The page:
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Beta Network

Inside a New Orleans Office Space Where Creativity is King



Innovation and entrepreneurship are mainstays of New Orleans these days. Like any ecosystem, the enviornment is a key influence in determining success for startup companies. Today, we go inside a new space from architect Marcel Wisznia that provides its tenants with more than four walls and a desk.

 

 

New Orleans was recently referred to as “the Cinderella of business improvement,” by Chief Executive Magazine. The publication ranked the city 13th in the nation, which is a huge jump from their spot at #27 last year. Start up companies have caught wind of New Orleans’ new pro business image, and so has architect Marcel Wisznia.

 

 

The creator of the Union Lofts and the Saratoga building picked up on the new trend and laid a creative hand on shared workspaces. 

 

 

Wisznia is an expert in funky spaces with personality, as evidenced by the art that fills the walls of his buildings. Local artist Terrence Sanders curates all of their buildings, allowing a functional living spaces to double as galleries for contemporary artists.  In Saratoga, Wisznia has managed to revamp tired and outdated architecture without threatening the historic elements that make the building significant.

 

 

Wisznia’s latest project is on the second floor of New Orleans’ first skyscraper, the Maritime Building. Beta is approximately 5,000 sq. feet of creative space where companies can bounce ideas off of each other. The shared workspace model isn’t new, but Beta distinguishes itself with an aesthetic that blends historic architecture with sleek design.

 

 

The space blends a minimalist philosophy with inviting, colorful accents. Although it’s highly modern, classic arched windows that overlook the CBD keep the office modern and bright. Director of Operations Chris Brancato is optimistic about Beta’s appeal to new, techy tenants. 

 

 

“Marcel’s vision was to turn it into a private suite, private office spaces," he said. "We had an opportunity to approach it from the ground-up with a design driven workspace.”

 

 

The first round of companies on board with Beta all signed leases for a year or longer, and these tenants will be “the determining factor as to where it goes,” Brancato said.  A few tenants are Nola Fashion Council, Apptitude, Circa, and Zydeco Media.

 

 

Zydeco is a young company based out of New Orleans that manages social media communication for restaurants. They’re a small start up, but they’re growing rapidly with 35 restaurant clients in the city and 25 in Dallas. We spoke with them about what it’s like to work in such a sleek, modern workspace.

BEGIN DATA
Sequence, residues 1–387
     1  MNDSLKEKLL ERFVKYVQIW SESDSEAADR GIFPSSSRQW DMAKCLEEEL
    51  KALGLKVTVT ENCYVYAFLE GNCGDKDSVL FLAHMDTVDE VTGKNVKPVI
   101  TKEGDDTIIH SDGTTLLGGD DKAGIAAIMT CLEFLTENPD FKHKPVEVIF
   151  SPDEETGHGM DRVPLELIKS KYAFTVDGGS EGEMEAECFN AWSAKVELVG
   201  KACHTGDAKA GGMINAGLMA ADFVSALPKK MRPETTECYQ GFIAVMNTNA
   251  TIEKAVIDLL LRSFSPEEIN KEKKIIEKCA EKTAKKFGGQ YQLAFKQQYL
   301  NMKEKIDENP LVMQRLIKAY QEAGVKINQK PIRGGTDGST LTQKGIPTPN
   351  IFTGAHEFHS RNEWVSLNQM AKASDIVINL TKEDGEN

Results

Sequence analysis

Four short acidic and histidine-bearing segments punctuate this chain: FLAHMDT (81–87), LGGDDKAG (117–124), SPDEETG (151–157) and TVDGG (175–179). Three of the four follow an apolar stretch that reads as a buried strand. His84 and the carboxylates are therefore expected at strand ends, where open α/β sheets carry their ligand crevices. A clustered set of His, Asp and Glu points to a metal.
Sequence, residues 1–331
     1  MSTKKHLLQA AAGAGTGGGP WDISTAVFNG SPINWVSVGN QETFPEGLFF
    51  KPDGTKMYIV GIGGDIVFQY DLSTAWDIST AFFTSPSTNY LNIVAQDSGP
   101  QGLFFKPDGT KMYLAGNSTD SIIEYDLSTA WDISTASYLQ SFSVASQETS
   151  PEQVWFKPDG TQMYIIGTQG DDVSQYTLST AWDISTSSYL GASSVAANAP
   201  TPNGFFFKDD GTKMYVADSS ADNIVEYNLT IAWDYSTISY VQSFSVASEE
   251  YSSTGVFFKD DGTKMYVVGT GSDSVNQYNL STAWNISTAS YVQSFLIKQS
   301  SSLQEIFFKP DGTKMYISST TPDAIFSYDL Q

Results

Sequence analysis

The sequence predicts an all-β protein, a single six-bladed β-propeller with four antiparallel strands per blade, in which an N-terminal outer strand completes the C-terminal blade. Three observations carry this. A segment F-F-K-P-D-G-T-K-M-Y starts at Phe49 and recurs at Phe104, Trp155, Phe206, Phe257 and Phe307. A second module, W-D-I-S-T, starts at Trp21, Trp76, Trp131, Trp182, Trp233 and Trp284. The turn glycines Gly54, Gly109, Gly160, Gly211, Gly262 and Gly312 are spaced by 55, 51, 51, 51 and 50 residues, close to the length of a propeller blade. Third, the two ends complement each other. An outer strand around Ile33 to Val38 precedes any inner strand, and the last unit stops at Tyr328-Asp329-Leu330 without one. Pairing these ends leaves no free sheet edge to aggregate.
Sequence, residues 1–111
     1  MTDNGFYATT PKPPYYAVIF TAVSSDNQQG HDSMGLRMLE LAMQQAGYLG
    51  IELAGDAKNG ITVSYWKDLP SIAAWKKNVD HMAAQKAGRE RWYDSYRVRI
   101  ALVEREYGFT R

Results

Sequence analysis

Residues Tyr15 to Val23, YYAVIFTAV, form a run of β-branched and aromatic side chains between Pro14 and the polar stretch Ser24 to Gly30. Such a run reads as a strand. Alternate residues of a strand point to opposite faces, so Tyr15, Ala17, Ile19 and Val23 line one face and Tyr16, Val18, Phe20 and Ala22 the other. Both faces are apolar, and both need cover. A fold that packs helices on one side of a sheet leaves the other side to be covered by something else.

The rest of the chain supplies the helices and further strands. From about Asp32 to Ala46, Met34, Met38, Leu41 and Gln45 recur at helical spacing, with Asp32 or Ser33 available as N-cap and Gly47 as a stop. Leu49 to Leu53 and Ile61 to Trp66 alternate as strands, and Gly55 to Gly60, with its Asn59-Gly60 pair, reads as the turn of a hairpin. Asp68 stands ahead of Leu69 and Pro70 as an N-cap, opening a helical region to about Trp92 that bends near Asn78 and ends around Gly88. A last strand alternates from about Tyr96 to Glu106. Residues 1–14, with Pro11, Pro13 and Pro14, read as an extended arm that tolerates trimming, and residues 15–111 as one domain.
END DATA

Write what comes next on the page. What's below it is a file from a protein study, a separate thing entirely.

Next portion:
Social Media Director Bryan Davis is more than pleased with the environment at Beta.  

 

 

“Beta is beautiful, it’s comfortable, it’s bright,” Davis said.

 

 

He also emphasized how effective the coworking model is for young businesses in similar stages of growth.

 

 

“We can coalesce resources and work towards a common goal," he said. "There’s a camaraderie in that type of environment.”

 

 

 
Zydeco used to operate out of Launchpad, which Davis said was a positive experience for a young start up.

 

“It was like elementary school in the sense that we made mistakes, but we had a lot of teachers to help us get it right.” Davis views the transition to Beta as a kind of graduation. “It’s the type of space we definitely see ourselves growing in.” 

 

 

Brancato is pleased to have the long-term leasers like Zydeco, but the space is beginning to include more “transient” users as well.  

 

 

“At first we weren’t sure if we wanted the ‘daily’ user, we were thinking long term leases only,” he said.

 

 

Once the people at Beta considered the location of their business and its potential appeal to people on the go, they decided to be more inclusive. They’re even creating a mobile app that will allow prospective tenants to buy a space on their phones and walk right in to a concierge that will greet them and direct them to their space. 

 

 

“It’s going to be pretty slick. We’re trying to digitize as much as possible,” Brancato said.

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Contributors

Renard Boissiere, Evan Z.E. Hammond, Naimonu James, Wilson Koewing, J.A. Lloyd, Nina Luckman, Dead Huey Long, Alexis Manrodt, Joseph Santiago, Andrew Smith, Cynthia Via, Austin Yde

Photographers


Art Director

Michael Weber, B.A.

Editor


Listings Editor

Linzi Falk

Editor Emeritus

Alexis Manrodt


B. E. Mintz


Stephen Babcock

Published Daily